Am I excited for Ron Howard’s upcoming documentary, Eight Days A Week? Hell yes, I am. The story of the Beatles’ touring years is the great untold portion of their career, and it deserves more attention. In part because the touring experience was what made them who they were; in part because we think we know what it was like; and in part because no one but them could ever truly know what it was like.
In my generation, Touring Beatles (1962-66) were often dismissed as pop lightweights turned into artists by exposure to drugs and Bob Dylan. And that viewpoint has become even more common (go Google “Beatles” and “boy-band”), but it’s simply wrong. Whatever the Beatles were in 1968 was clearly present by 1965, just expressing in a different way. And it was their war-like touring experience that gave them the strength to flower in the post-touring period.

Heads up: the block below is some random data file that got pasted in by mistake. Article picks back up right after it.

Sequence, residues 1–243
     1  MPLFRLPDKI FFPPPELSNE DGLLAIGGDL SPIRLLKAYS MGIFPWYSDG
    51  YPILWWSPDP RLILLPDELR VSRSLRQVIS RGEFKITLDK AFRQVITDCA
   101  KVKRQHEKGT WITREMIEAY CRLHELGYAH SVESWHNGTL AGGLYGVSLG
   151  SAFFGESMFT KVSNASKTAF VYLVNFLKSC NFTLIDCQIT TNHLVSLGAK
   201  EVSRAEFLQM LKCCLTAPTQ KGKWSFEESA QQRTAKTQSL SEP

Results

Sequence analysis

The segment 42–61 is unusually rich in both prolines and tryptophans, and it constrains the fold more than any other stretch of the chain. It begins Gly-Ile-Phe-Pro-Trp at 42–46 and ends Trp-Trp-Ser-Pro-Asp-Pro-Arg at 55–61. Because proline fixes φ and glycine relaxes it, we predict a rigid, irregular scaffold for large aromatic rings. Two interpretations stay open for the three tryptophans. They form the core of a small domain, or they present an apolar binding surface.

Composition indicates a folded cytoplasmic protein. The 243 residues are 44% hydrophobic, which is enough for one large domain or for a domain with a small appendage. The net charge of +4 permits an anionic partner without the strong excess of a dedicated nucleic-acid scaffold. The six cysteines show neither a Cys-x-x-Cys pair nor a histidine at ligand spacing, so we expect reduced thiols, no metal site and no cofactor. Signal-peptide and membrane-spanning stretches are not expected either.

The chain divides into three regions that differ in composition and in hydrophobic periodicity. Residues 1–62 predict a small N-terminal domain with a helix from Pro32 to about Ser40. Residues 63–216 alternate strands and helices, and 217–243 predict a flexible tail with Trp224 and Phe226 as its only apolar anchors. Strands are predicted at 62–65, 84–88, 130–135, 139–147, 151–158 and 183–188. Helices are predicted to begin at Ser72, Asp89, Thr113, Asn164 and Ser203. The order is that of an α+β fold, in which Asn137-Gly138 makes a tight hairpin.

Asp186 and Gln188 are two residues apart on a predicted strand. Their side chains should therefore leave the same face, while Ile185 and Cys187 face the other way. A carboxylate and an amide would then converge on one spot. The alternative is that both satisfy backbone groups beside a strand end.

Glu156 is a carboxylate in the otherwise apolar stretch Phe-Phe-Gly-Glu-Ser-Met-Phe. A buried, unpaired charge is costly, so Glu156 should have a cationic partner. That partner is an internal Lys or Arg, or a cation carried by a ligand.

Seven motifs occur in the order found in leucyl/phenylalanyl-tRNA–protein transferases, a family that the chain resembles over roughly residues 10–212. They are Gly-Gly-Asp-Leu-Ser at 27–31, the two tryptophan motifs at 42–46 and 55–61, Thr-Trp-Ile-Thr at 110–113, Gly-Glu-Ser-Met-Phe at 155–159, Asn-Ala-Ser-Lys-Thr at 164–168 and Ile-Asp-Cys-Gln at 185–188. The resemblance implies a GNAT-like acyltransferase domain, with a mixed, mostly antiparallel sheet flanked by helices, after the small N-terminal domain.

Do I think we’ll get The Whole Tale? Of course not — even if Paul and Ringo still remember it (and they don’t), they aren’t interested in a warts-and-all story. But whatever else Eight Days A Week will be, it will change touring from being primarily an expression of the Beatles as a commercial entity, into its true nature as the forcing-house of the Beatles’ unparalleled creativity and cohesion.